Rabbi Meir Orlean
Could you lend me $10,000 for a year?” Aryeh asked Naftali. “My budget won’t allow repaying more than $1,000 a month, though. I ask that we limit the repayment to monthly installments of $1,000, beginning a year from now.”
“Let me get back to you,” replied Naftali.
A week later, Naftali said: “I can do it. We’ll have monthly installments of $1,000, as you requested.”
During the year, Naftali traveled abroad on a sabbatical. He returned a year and a half later, and approached Aryeh.
“I was abroad for a while,” said Naftali. “You owe me $6,000 for that time period. I’d like you to pay the full amount past due.”
“That’s crazy!” exclaimed Aryeh. “I can’t afford to pay that amount at once.”
“What’s the difference?” replied Naftali. “Had you paid monthly, it would have been the same!”
“That’s not true,” responded Aryeh. “We would have budgeted and cut back on expenses to keep within our balance in the bank. I emphasized that I could pay only $1,000 each month, and we arranged the monthly payment on that basis.”
“You should have set the money aside for me,” reasoned Naftali.
“You didn’t ask for payment,” insisted Aryeh. “I even tried contacting you but couldn’t reach you. I figured that you were giving me a grace period on the loan. I’m willing to pay the monthly installments starting now.”
“I was nice enough to lend you,” said Naftali. “Now you expect that I should wait six more months to receive all my money back?”
“It’s not my fault that you were away,” argued Aryeh. “It was your choice to let the issue sit without contacting me or leaving instructions.”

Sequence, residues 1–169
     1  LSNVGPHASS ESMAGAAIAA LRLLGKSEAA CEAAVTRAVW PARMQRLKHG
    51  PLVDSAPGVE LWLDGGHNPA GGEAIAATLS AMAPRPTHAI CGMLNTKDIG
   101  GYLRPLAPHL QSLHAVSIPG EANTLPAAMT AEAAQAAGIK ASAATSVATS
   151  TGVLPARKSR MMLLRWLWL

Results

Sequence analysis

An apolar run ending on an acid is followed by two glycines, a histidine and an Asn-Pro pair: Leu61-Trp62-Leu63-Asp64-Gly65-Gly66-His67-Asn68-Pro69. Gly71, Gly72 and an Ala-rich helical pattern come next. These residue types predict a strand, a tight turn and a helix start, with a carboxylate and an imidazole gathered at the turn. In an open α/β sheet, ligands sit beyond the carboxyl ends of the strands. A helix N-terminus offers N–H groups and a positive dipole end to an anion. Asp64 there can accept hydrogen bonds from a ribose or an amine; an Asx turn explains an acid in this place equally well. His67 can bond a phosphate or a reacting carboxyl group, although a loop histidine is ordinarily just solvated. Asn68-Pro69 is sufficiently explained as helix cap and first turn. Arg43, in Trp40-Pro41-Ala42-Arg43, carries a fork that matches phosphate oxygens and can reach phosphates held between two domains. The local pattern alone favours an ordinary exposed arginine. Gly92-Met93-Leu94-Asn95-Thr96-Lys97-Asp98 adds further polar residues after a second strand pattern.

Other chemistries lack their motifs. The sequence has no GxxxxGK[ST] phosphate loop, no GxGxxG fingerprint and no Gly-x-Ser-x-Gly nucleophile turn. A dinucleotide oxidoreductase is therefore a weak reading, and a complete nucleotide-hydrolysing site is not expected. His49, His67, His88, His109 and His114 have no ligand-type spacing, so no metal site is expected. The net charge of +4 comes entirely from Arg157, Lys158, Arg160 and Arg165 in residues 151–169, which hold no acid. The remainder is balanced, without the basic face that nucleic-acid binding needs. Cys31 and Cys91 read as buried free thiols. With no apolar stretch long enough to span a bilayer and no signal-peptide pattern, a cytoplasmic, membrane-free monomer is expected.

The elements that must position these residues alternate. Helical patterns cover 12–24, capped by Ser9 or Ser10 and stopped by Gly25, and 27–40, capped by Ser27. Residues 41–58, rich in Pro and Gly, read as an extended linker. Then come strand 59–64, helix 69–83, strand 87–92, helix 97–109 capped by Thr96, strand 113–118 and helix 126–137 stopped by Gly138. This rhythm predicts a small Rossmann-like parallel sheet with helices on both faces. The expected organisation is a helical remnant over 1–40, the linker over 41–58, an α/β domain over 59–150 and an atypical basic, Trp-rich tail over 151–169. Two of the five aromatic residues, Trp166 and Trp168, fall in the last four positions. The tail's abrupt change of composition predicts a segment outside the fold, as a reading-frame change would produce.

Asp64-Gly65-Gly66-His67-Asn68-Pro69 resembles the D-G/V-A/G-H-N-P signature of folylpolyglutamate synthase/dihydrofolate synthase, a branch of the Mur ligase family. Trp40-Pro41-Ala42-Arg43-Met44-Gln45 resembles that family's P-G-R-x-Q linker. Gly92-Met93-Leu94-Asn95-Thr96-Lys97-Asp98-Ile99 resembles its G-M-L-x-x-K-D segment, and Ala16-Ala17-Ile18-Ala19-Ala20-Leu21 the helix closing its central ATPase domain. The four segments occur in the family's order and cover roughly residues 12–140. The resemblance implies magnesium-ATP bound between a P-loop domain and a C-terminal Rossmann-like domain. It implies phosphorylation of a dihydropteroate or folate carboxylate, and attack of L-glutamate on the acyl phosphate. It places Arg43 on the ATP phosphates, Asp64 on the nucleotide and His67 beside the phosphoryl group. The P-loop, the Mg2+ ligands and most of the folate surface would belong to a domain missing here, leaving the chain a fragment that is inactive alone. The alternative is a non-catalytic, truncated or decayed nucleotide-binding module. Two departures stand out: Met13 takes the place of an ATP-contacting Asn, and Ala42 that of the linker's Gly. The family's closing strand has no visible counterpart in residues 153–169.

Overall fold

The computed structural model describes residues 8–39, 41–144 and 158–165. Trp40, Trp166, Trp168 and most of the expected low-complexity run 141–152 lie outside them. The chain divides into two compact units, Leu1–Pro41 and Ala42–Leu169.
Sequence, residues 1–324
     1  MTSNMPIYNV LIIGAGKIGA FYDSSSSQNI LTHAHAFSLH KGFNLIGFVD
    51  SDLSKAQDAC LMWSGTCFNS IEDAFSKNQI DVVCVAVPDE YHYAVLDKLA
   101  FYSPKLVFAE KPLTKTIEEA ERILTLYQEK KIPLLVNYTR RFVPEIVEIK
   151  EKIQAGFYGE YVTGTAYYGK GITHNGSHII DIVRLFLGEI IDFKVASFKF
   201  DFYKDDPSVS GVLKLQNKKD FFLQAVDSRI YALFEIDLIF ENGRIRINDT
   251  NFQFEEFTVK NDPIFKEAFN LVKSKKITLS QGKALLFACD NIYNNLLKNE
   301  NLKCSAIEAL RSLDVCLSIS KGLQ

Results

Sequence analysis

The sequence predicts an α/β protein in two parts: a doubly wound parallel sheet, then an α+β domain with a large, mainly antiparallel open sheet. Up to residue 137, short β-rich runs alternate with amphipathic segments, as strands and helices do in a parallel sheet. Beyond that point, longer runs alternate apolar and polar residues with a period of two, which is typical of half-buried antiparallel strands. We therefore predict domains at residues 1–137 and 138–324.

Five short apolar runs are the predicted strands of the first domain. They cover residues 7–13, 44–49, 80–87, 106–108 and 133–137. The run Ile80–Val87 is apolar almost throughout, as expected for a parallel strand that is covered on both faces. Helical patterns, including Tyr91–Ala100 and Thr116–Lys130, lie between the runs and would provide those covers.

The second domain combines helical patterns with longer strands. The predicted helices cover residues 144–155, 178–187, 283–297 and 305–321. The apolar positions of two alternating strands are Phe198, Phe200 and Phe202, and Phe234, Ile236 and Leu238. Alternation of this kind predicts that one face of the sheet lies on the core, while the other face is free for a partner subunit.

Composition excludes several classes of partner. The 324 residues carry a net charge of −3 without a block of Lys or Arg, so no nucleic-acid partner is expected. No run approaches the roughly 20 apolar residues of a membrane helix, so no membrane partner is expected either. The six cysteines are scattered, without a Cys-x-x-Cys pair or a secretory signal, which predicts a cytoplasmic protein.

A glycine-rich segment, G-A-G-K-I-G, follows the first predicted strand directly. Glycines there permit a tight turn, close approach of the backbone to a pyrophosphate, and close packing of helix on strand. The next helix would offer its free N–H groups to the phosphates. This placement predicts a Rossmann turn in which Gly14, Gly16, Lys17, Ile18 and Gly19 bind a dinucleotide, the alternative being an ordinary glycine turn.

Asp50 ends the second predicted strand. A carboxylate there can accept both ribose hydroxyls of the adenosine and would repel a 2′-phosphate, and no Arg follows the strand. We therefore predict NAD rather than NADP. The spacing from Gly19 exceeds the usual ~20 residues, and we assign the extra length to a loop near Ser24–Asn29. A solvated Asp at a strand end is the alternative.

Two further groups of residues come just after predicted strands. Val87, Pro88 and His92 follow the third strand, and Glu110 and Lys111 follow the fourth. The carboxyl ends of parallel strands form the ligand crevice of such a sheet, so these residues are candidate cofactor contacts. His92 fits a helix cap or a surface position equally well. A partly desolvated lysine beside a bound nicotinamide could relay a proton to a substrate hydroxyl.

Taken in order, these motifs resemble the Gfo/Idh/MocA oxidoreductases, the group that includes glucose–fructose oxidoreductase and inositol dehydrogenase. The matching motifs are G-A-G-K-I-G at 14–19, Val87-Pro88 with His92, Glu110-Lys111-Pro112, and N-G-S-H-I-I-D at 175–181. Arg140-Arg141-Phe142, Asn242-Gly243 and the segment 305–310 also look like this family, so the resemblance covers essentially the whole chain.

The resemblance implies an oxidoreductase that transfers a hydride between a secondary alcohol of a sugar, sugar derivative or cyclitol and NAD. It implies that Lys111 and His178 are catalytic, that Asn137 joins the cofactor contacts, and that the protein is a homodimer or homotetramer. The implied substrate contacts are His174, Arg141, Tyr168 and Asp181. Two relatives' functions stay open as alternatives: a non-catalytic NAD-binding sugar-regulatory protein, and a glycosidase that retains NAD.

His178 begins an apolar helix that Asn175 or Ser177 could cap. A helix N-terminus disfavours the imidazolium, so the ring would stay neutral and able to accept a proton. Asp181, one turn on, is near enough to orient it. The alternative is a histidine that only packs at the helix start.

“I see that we’re not getting anywhere,” said Naftali. “Let’s consult Rabbi Dayan.”
“Aryeh owes me monthly installments of $1,000,” said Naftali. “I was away and didn’t collect for half a year. Can I demand payment of $6,000?”
“A number of Acharonim cite from Maharash Yonah,” answered Rabbi Dayan, “that when the lender agreed to repayment in installments and neglected to collect, he cannot demand all the missing installments in one lump sum” (Knesses Hagedolah, Tur, C.M. 73:7; Ketzos 73:9; Bnei Chayei, C.M. 73:1).
“Can you elaborate?” asked Aryeh.
“Responsa Shai Lamora (#34), by Shabbetai b. Yonah, who lived 350 years ago in Salonika, Greece, addressed this case,” replied Rabbi Dayan. “Someone settled with his creditor to repay his debt in yearly installments, since he was limited in his ability to pay. The lender then went to a foreign country and did not request payment for a long time. When he returned, he demanded payment of the entire past sum.
“Maharash Yonah ruled that a lender cannot demand the entire sum at once,” continued Rabbi Dayan. “This is because he agreed to installments of a limited sum and forwent larger payments, and because the missed payments were due to him. The borrower has to pay only in installments as agreed or as seen fit by the beis din.”
“What if the delay was due to the borrower?” asked Naftali.
“Maharash Yonah indicates that the lender could then demand payment of the entire past amount due,” replied Rabbi Dayan, “since he did not forgo his right to collect this money promptly. This applies even if he asked the borrower for payment in private, not in the presence of witnesses or beis din” (Erech Hashulchan 73:5, by Rav Yiztchak Teib of Tunis).
“Additionally, in the case of a renter,” added Rabbi Dayan, “if the landlord did not collect the rent promptly, he can later demand full payment, since the purpose of monthly payments in this case is to set the rental amount, and the intent is to pay whenever the landlord demands” (Paamonei Zahav, 73:1; Pischei Choshen, Halvaah 3:9).
“Therefore,” concluded Rabbi Dayan, “since Aryeh initially stated that he could not afford more than $1,000 a month, Naftali cannot demand immediate payment of the installments that he neglected to collect.”